Large imported coffee suppliers tend to go through more stringent quality controls due to the fact that world wide distribution is a large part of the business. “Large brands have the buying power that smaller roasteries do not and this makes it difficult for them to be consistent in their quality and taste profiles. In Segafredo's case, the company has their own plantations all over the world with their largest and most prominent in Brazil.” says Roberto Reffo of Adriatic, the company that imports Segafredo. “We are also continuously investing in developing the skills of our client's baristas through constant and regular training. It is our support, customer service and other added benefits that accompany the quality and brand guarantee that allows us to be successful.”
That comes at a price. The imported brands come with a higher price point per kilogram than local roasters. This often includes marketing assets like branded cups, but there is a much more practical explanation on hand when asked about this price difference.
“There is the American trend of high grammage per cup. A traditional Italian espresso uses 7g per shot. You wouldn’t mess with a baking recipe and add more sugar, or add more eggs, the result wouldn’t balance. But because of the style of roasting with some micro-roasters they use closer to 12g for a single, making that difference of being double the price not really true anymore.” explains Michelangelo. The style of roasting and the style of espresso that the Italians are aiming for isn’t asking to be compared to the current speciality scene.
With Great Power comes Great Responsibility
Working on such a large global scale, the companies have to be invested in sustainability and trading ethically. illycaffè has been named one of the world's most ethical companies by The Ethisphere Institute for the 6th consecutive year and is DNV certified providing a full sustainability chain from the farmer right through to the restauranteer selling you the cup. Lavazza has its Tierra brand and project developed in association with the Rainforest Alliance NGO launched back in 2002. This brand has the aim of improving social and environmental conditions of several international coffee-growing communities. Segafredo owns and operates its own plantations worldwide, which allows for control in the way that the coffee is produced and how the farmers are treated. They provide housing, medical facilities, and schooling for the coffee farmers as well as their families. Kimbo supports Project Waterfall which helps bring clean drinking water and sanitation to coffee growing communities around the world. With such large footprints, these Italian coffee giants need to do business as responsibly as possible especially in today’s climate of informed consumers.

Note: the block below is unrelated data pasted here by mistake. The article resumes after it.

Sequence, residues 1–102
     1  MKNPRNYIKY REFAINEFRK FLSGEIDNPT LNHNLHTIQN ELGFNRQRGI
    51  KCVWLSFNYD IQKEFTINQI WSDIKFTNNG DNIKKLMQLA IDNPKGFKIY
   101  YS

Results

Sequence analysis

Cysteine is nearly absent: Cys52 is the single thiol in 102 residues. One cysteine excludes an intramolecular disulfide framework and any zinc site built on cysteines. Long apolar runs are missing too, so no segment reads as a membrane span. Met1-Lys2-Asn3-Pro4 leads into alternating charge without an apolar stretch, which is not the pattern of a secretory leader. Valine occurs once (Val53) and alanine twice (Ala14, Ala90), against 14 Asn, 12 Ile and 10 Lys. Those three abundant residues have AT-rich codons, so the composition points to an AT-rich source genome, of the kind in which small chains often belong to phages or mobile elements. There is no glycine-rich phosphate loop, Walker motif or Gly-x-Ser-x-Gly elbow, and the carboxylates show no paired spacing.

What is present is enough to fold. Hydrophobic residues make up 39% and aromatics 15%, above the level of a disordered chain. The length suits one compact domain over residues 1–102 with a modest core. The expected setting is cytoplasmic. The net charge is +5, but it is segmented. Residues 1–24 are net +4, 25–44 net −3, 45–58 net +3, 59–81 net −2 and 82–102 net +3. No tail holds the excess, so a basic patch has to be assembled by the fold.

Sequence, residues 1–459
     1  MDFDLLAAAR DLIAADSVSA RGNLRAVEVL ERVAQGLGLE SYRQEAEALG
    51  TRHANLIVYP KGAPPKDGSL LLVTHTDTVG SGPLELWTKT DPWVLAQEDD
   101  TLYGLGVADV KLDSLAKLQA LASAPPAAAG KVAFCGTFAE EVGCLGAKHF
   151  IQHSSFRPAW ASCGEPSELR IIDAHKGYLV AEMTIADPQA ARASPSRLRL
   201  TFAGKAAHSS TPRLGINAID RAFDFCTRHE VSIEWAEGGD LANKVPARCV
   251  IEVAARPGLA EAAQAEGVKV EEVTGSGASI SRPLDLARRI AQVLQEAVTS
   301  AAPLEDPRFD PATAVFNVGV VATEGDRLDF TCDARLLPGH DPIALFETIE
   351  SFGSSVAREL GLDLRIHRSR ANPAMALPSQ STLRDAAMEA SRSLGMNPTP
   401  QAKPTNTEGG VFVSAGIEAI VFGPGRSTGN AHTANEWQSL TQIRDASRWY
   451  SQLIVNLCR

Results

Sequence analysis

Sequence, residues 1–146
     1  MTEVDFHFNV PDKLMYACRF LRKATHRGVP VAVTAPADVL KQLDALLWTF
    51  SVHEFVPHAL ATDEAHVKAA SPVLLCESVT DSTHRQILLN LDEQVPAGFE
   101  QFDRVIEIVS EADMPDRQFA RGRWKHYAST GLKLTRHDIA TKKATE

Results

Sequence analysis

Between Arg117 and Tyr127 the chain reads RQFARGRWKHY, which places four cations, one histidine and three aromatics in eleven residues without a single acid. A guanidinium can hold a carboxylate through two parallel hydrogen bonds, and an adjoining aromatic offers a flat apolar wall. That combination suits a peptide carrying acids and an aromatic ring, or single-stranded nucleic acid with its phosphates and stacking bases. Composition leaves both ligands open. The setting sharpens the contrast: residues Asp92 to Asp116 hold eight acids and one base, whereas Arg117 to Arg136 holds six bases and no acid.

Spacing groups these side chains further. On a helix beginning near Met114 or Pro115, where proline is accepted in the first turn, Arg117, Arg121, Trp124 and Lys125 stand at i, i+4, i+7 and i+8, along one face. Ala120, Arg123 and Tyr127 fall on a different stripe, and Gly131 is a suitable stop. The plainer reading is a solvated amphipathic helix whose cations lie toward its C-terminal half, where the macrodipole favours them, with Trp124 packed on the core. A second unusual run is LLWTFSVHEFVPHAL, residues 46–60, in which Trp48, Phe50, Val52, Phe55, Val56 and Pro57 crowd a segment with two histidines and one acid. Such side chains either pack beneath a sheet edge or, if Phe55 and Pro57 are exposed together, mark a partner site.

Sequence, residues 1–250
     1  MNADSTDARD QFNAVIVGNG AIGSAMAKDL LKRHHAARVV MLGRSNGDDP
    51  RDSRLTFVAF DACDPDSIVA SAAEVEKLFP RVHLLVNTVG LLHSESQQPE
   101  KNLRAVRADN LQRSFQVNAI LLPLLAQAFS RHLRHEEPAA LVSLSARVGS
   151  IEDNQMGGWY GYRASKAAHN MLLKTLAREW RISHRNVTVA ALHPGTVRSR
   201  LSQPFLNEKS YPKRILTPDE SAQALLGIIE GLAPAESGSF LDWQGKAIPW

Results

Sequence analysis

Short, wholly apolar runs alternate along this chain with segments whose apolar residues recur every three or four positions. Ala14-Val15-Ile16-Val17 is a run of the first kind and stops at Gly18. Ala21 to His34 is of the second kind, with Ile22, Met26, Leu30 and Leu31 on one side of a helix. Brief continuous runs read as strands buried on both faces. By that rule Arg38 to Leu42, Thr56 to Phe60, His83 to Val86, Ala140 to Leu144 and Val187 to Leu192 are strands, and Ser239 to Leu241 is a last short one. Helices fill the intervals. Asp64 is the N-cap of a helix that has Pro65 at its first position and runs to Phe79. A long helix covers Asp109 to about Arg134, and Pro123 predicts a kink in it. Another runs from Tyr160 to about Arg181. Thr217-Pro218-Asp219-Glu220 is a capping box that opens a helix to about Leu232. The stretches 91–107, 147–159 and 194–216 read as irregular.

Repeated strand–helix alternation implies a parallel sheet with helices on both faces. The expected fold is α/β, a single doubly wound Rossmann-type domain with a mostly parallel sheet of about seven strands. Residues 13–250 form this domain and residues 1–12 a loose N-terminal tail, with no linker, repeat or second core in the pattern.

It appears that Italian coffee is here to stay. Restaurants and hotels with many other things to worry about on a daily basis need one thing from their coffee, that it remains consistent.
Pronunced ‘laËˆvattsa’ the company was founded in Turin in 1895 by Luigi Lavazza, it was initially run from a small grocery store at Via San Tommaso. The business is still in the same family and is today run by the third and fourth generations of the Lavazza family. It is said that Luigi was an entrepreneur at heart and knew that to be successful he had to find out what his customers wanted. So he worked to discover the different origins and characteristics of the coffee plant, and studied the art of blending to meet the tastes of his customers by creating the blends. The Lavazza coffee we drink today is the result of that: blending coffees from different parts of the world. As a global brand icon, Lavazza is a premium coffee offering within our market but quality is an intrinsic factor in every part of its production and delivery. These services and benefits are all made possible through the local Lavazza distributor, Ciro Full Service Beverage Co, who is well-versed within the coffee industry.
Italian coffee merchant, Massimo Zanetti – a descendant from a family with more than two generations in the coffee trade business – launched the first Segafredo Café in 1988 in Paris. In that vein he is seen as something of an "Ambassador of the Italian Coffee Culture” with the idea that the Italia lifestyle is reflected in Segafredo cafés. Adriatic, the local distributor of the brand, is a family business founded in 1970 by Renzo Reffo. Later on Maurizio and Roberto Reffo joined the family business and moulded the company into the finest importers and distributors of Italian foods, wines, coffee and catering equipment in South Africa.
Illycaffè (branded as illy) was founded by Francesco Illy in 1933. It was later taken over by his son Ernesto Illy and today, Andrea Illy (as Chairman) is the third generation of family at the head of this brand. Illy produces one blend in three roast variations (normal, dark roast, and decaffeinated). The company also markets single-origin arabica beans from six different countries: Ethiopia, Colombia, Brazil, Guatemala, Costa Rica, and India. In South Africa, the Illy brand is also a family affair, run by Chris Kellaris, his son Michelangelo, Doxoula Lentzakis & Mano Paxinos like one big happy Greek family.
In Naples, espresso bars provide the heartbeat of this incredible lively and exciting city. Here, over fifty years ago, one family developed a passionate coffee roasting business to meet the local demand. This thriving business grew and continues today. Through seeking the finest green coffees from around the world, they blend, roast and package fine espresso coffee that makes Kimbo a leader in the Italian market. Carlo Garbini is the local distributor through his business Importalia.